Thursday, November 27

Why So Many

I Have A Dream

"Any way you look at it. The US arrests more of its citizens, more of the time, and jails more of its citizens than any other country. At the same time, it doesn't have low crime rates to show for all this punishment. I suspect that the country needs to rethink its punitive approach to maintaining social order. The current system isn't working well." - fluffylucy, commenter - "One In 25 Americans Was Arrested In 2011" - Huffington Post, 8/7/13

It is estimated that 400 citizens are killed by police each year.  Last year over 27 police officers were killed.  Even for a population of 316 million plus, these numbers seem excessive and these statistics are compiled from incomplete and voluntary reports.  This means that many more deaths in police custody are not reported.  Why so many killings by police?  Why are police killed?  Are Americans really so lawless and vicious that police must have the right and the ability to kill in order to protect and serve their communities.  Each American has the right to bear arms.  Is this right the reason why our policing is more deadly than the law enforcement in other countries?  Lots of questions but no real data for answers.

Right now, citizens of Ferguson, Missouri are cleaning up from nights of rioting over the killing of teenager, Michael Brown, one of 400 who die after contact with police in America.  Right now, there is an arms race, but not between Russia and America.  Right now, local police are getting military grade weapons from the federal government.  Right now, citizens can purchase similar weapons. Now, there is a gun in  every conflict between a suspect and the police.  Citizens stopped by police fear that they'll be shot.  Police stopping people for jaywalking fear that they'll be shot.  The flood of weapons into and out of America is creating this climate of mistrust and fear.  Human interaction in America is all about the gun.  Someone acts crazy - that's sad, but if they carry a gun, it's deadly.

Common sense should tell us to authorize non lethal, peaceful ways to resolve conflicts.  Killing an unarmed teenager in the middle of a suburban street in broad daylight is intolerable and shows a complete breakdown of civility and responsible policing. Listening to an interview of officer Wilson in which he describes the shooting, I got the impression, he had memorized his lawyer's version of events, leaving him entirely blameless and certainly not remorseful.  His main defense is that he thought Michael Brown had a gun or wanted his gun and he had to shoot him to make him comply.  Wilson will resort to his gun again if pressured, and that's a truly scary thought.

Even if everything he said was true, the fact that a simple jaywalking incident became a shooting shows "his training" was inadequate.  Most police officers are confronted with similar or worse situations every day and don't go for their guns.  Even the Rodney King beating which sparked the 1992 Los Angeles riots was restrained compared to Wilson's handling of Brown.  How would Darren Wilson have handled Mike Brown if he did not have a gun to rely on?  What skills would Wilson have needed to diffuse and control the situation?  Time to find out, eh, before another city is burned to the ground.

America must seek out better ways to enforce laws, but instead of de-escalating the police vs. citizen arms race,  military surplus from Iraq and Afghanistan wars are being given to local communities to control their populations.  Even Cottonwood, AZ with virtually no crime has taken advantage of this deadly give awayCongress had the ability to shut down the program that gives surplus military weaponry to local police forces, but it chose not to act giving tacit approval to the concept that superior firepower solves neighborhood conflicts.  Congress also allowed the assault weapons ban to expire, making it easy for citizens to arm themselves to the teeth, out gunning the police.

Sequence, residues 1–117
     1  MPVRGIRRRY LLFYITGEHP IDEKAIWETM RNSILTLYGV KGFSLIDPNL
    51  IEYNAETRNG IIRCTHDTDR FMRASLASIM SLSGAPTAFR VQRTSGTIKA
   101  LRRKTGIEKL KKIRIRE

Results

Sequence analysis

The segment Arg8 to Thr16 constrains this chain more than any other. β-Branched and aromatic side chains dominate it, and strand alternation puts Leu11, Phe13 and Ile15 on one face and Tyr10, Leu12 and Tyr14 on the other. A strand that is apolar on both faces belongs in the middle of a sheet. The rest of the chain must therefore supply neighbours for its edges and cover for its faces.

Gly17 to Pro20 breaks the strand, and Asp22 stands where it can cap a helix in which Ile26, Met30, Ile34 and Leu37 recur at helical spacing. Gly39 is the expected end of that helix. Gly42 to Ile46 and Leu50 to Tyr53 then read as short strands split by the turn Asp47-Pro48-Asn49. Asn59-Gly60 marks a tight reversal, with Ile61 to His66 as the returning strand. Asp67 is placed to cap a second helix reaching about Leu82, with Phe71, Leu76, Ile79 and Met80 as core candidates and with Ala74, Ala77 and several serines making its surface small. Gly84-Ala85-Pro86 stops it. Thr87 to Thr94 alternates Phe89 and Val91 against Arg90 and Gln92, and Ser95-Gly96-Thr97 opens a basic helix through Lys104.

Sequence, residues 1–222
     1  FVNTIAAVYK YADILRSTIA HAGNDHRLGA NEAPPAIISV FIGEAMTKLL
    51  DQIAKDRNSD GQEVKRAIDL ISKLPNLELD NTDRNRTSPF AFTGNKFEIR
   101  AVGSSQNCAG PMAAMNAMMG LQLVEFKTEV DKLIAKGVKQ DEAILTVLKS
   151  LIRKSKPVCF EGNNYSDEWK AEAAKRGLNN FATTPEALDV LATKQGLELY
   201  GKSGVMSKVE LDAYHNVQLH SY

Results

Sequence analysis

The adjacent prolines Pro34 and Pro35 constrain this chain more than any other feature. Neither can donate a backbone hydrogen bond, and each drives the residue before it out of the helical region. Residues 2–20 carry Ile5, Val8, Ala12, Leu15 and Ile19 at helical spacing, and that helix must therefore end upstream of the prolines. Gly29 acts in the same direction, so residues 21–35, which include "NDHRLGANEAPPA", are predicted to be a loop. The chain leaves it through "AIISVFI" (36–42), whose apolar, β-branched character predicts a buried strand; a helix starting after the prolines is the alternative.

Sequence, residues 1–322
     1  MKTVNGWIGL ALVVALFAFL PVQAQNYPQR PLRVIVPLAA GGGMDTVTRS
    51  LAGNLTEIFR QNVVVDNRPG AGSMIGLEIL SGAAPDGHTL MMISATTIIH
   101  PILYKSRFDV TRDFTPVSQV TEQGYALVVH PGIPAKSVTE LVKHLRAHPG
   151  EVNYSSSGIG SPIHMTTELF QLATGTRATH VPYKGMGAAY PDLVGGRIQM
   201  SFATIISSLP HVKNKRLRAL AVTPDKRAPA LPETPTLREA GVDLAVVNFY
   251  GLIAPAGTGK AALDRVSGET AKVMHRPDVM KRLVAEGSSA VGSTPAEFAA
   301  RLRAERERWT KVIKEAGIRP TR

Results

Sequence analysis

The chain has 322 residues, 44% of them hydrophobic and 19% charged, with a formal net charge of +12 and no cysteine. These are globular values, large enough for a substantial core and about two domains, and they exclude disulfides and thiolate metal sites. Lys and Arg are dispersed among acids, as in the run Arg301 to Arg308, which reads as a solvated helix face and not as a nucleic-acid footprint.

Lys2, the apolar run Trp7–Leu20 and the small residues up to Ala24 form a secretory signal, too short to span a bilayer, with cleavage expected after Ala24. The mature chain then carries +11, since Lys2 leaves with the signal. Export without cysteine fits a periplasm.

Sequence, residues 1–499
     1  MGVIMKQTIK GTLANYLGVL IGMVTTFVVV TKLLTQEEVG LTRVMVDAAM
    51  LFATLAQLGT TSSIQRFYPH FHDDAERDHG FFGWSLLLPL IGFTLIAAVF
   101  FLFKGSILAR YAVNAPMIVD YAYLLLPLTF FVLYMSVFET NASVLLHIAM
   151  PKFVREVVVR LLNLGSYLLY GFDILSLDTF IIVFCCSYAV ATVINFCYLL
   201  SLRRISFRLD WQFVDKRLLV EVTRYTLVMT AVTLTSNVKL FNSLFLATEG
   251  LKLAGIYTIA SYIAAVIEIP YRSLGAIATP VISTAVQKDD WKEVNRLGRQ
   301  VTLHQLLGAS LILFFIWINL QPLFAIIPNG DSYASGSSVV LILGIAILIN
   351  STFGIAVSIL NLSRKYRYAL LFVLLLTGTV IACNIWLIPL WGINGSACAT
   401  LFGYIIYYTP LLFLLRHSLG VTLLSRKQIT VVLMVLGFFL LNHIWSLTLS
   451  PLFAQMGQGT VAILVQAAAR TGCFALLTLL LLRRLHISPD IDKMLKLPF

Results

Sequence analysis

Our cultural institutions such as television programs, news media, movies support the "bigger gun wins" concept.  I enjoyed watching both Captain America movies on DVD this week - until I realized that the Cap and his supporters were just as cavalier about killing people as the bad guys.  Violent excess, brutality, senseless destruction, little or no reason other than craziness behind the mayhem fill the screen with the noise and gore of killing.  The first Captain America movie had a decent story of human struggle and overcoming hardship, but the Winter Soldier fooled me.  It is completely devoid of human feeling, focusing on mechanized death vs. everyday human struggle - a non stop blood bath which gave me many opportunities to raid the refrigerator while the black widow and Cap tore up Manhattan and turned the world into a smoking heap of ashes, vanquishing the "bad guys of Hydra" along the way.

We have an epic crime problem in America - and it's not the crime itself but the fear of it, the glamour of it, the exploitation of murder and chaos.  Our people are steeped in a "warrior culture" without the warrior - just the mechanized trappings of bravery:  the gun.  So, as the arms war escalates in America, citizens tired of the waste and stupidity need to stop supporting programs and cultural institutions that promote violence. Killing a person whether it be to protect oneself at home or in defense of the nation is a degrading, soul killing experience.  There is no good violence or bad violence, just harmful violence.  Someone gets hurt.  Someone dies.  Someone is responsible for inflicting pain and destruction creating a never ending wheel of annihilation.  A wise man once said:

“The choice is not between violence and nonviolence but between nonviolence and nonexistence.”
Martin Luther King Jr.

May all beings know love and harmony.  May we be the peace in this world.

Sunday, November 16

Mr. Lemning's Desperate Plan - Chapter 2


That Ugly Feeling

Best Laid Plans

The Last Straw Saga
Chapter II

I jam my foot on the accelerator and roar out of the parking lot of the Work Kare Reproduction Health clinic.  In my rear view mirror, I see that the clinic's security guard has his gun drawn and is watching me through his gun site as I maneuver past people coming in for drug tests.  I can't watch him anymore.  I have to get out of Shreveport before the Division of Reproductive Health notifies the state police and the nation that I have jeopardized my ability to procreate in violation of the VD laws of Louisiana.  Why did I decide that today I would go and get that damned exam?   Did I have a death wish?  Half of my friends have refused to even read the laws and the other half seriously regret being on the productive American list.